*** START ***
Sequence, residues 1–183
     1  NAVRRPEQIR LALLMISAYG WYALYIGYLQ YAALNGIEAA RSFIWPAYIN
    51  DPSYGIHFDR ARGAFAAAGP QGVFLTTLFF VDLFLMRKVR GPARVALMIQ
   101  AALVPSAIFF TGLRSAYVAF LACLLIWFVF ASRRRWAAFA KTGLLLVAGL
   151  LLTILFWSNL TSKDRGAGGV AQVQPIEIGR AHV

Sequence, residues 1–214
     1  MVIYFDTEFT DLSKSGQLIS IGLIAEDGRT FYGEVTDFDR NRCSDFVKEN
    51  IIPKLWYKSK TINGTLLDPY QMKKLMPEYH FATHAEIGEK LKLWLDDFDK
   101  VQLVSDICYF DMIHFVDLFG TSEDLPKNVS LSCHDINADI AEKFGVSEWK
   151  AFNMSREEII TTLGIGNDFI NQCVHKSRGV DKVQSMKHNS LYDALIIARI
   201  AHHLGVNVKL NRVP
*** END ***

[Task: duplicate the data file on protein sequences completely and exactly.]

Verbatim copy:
Sequence, residues 1–183
     1  NAVRRPEQIR LALLMISAYG WYALYIGYLQ YAALNGIEAA RSFIWPAYIN
    51  DPSYGIHFDR ARGAFAAAGP QGVFLTTLFF VDLFLMRKVR GPARVALMIQ
   101  AALVPSAIFF TGLRSAYVAF LACLLIWFVF ASRRRWAAFA KTGLLLVAGL
   151  LLTILFWSNL TSKDRGAGGV AQVQPIEIGR AHV

Sequence, residues 1–214
     1  MVIYFDTEFT DLSKSGQLIS IGLIAEDGRT FYGEVTDFDR NRCSDFVKEN
    51  IIPKLWYKSK TINGTLLDPY QMKKLMPEYH FATHAEIGEK LKLWLDDFDK
   101  VQLVSDICYF DMIHFVDLFG TSEDLPKNVS LSCHDINADI AEKFGVSEWK
   151  AFNMSREEII TTLGIGNDFI NQCVHKSRGV DKVQSMKHNS LYDALIIARI
   201  AHHLGVNVKL NRVP